About a couple of years ago I decided that I needed a new hobby. I came up with baking. Of course, of all the things I could have picked -- rock climbing, marathon running, kickball -- I ended up filling my house with things that can squeeze me out of my jeans by sight alone. I did it because I had a feeling that I could be good at it, and I needed that kind of boost. Baking involves following instructions exactly and being precise, and I'm the kind of person who has fun putting together furniture.

I found that I actually am pretty decent at it, which has been pretty cool. What I didn't expect, though, was just how intensely frustrating a process baking can be. Even a couple of years later, I can look at a recipe and go, "No sweat! I'll push out these cookies easy", then 2 hours later find myself telling cookie dough to &^$^ its &*$% with a @#^.

So this weekend I decided that I'd up the ante from making cookies and bread. I would make a pie - only the second one I have ever attempted to make. The first one was an apple pie, this one would be cherry. I admit that while the first one was 100% homemade, for this one I used pre-made filling. But it was really good! And to be honest, it's not the filling that gives me pause -- it's the crust. Flaky and golden, with a sprinkling of sugar just before baking. That, in fact, is what I think is the hard part.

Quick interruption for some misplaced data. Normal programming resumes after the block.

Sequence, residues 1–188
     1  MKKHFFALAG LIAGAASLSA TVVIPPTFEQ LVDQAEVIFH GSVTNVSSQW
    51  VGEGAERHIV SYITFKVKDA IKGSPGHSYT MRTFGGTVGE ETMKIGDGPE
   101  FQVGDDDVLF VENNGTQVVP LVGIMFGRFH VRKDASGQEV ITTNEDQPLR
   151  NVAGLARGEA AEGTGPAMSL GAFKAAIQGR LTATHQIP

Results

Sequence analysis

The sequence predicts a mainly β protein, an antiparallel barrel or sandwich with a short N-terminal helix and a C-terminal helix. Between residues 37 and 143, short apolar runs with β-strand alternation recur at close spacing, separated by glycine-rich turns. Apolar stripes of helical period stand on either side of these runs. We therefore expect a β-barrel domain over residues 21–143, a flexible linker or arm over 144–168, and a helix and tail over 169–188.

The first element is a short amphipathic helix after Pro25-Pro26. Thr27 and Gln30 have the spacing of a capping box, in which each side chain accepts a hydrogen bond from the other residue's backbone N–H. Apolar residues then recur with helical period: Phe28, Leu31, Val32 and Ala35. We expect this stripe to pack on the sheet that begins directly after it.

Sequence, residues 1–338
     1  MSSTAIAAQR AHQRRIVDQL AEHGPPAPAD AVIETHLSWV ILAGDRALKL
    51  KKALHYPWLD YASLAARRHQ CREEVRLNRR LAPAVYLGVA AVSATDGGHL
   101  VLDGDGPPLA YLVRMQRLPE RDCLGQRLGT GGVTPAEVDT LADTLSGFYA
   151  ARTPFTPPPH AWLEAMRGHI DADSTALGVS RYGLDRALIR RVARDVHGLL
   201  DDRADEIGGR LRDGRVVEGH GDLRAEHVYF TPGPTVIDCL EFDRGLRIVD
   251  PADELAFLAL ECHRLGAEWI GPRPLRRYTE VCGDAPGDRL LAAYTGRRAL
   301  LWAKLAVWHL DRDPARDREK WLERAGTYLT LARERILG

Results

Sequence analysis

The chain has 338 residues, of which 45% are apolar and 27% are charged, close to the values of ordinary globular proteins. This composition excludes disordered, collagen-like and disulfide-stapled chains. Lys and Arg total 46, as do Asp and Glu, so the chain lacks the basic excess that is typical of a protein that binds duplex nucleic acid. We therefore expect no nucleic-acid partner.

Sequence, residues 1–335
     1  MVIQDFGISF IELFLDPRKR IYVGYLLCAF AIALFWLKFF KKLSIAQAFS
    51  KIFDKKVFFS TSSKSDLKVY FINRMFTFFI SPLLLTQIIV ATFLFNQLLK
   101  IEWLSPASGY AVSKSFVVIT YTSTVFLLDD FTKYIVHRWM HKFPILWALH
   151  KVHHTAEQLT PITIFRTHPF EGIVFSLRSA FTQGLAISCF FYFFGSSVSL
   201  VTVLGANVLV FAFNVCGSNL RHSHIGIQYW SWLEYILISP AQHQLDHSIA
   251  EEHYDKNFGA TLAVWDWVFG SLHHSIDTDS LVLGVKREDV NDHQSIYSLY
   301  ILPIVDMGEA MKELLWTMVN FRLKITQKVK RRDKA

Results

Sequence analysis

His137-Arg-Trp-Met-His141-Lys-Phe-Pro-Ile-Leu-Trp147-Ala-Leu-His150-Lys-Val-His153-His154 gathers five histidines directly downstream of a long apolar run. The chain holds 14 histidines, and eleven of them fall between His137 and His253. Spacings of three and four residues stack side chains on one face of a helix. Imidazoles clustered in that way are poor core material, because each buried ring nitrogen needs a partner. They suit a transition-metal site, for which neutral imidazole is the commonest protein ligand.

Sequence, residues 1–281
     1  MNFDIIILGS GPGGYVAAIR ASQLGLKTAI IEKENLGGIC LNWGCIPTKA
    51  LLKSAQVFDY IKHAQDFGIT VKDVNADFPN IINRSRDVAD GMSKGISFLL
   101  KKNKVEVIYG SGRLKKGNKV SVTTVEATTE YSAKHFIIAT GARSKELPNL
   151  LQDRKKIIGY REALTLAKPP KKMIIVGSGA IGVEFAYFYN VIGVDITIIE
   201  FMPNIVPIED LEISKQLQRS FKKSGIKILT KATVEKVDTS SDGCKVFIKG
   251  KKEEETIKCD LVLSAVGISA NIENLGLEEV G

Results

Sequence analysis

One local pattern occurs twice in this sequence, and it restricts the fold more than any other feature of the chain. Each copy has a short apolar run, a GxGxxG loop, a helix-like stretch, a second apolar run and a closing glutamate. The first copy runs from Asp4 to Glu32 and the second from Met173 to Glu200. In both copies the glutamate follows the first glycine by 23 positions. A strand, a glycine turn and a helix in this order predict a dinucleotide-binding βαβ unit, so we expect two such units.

Much like with making bread dough, pie crust is an exercise in patience. You can follow the recipe but external factors can be game-changers. If the weather is cold and dry that day, your dough will reflect that. You'll then have to adjust on the fly until you feel the dough become what you want it to be. But a novice like me doesn't always know what she wants out of dough, and an inpatient one (ahem) doesn't want to accept that some attempts may yield bad results. I mean, that stuff takes time and energy!